The final name was shorter than what we reserved so there are a bunch of zero bytes in the executable. This program can now be run and it will always resolve to the library that we specified. When the program is installed the entry can be changed to just plain helper.dll in the same way making it indistinguishable from libraries built without this trick (apart from the few extra null bytes).

Rpath on Windows: achieved.

Is this practical?

It's hard to say. I have not tested this on anything except toy programs but it does seem to work. It's unclear if this was the intended behaviour, but Microsoft does take backwards compatibility fairly seriously so one would expect it to keep working. The bigger problem is that the VS toolchain creates many other files, such as pdb debug info files, that probably don't like being renamed like this. These files are mostly undocumented so it's difficult to estimate how much work it would take to make binary hotpatching work reliably.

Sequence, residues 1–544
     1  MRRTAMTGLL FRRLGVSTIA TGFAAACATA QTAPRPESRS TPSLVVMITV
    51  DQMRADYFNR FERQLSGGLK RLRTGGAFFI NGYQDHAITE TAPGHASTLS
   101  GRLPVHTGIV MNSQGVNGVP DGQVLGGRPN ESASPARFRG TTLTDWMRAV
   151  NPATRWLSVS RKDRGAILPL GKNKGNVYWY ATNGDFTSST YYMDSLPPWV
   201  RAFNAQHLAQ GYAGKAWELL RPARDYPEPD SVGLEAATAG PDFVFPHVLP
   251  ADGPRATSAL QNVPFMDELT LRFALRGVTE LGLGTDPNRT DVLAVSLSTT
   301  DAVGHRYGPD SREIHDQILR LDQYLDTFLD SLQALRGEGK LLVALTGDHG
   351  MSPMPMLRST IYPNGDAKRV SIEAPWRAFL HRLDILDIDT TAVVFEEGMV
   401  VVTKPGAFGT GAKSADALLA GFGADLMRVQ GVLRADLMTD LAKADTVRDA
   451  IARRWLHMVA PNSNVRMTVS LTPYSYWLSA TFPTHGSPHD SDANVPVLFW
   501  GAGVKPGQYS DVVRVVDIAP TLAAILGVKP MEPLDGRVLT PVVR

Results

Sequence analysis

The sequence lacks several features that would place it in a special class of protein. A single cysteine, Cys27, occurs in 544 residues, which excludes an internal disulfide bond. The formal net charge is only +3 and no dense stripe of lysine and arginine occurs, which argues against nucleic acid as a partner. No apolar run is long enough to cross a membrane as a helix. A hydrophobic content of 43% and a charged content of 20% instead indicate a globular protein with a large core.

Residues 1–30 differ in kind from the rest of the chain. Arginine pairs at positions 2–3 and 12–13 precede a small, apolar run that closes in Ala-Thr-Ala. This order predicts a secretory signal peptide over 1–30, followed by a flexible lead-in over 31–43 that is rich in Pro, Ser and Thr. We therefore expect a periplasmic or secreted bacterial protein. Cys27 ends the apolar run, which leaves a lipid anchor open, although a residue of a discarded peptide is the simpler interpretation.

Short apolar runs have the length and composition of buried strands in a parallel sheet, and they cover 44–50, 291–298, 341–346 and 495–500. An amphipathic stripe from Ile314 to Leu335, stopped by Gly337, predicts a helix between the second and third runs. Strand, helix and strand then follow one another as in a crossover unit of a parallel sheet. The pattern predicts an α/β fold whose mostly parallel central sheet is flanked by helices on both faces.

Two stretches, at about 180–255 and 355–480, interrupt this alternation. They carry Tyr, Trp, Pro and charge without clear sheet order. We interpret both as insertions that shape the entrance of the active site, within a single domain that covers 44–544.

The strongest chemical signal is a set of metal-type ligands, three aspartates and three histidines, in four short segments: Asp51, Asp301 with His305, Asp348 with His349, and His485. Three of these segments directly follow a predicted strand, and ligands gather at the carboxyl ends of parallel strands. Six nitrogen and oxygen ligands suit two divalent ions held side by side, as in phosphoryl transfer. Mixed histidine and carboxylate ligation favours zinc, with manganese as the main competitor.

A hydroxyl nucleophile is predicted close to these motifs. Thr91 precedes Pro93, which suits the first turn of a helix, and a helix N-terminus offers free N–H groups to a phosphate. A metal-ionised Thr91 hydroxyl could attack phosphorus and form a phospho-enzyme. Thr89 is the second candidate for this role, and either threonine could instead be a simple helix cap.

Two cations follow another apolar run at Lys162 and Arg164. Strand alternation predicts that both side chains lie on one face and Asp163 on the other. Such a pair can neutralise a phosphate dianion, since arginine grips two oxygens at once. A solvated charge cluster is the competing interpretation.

The best solution would be for Microsoft to add a new linker argument to their toolchain that would write dependency info to the files as absolute paths and to provide a program to rewrite those entries as discussed above. Apple already provides all of this functionality in their core toolchain. It would be nice for MS to do the same. This would simplify cross platform development because it would make all the major platforms behave in the same way.
It would be nice to get the same tools for Linux, too, but it's not that urgent since build systems already can do this reliably on their own.

12 May 2019 11:20pm GMT

10 May 2019

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Bradley M. Kuhn: Delta Airlines Crosses One Line Too Far in Union Busting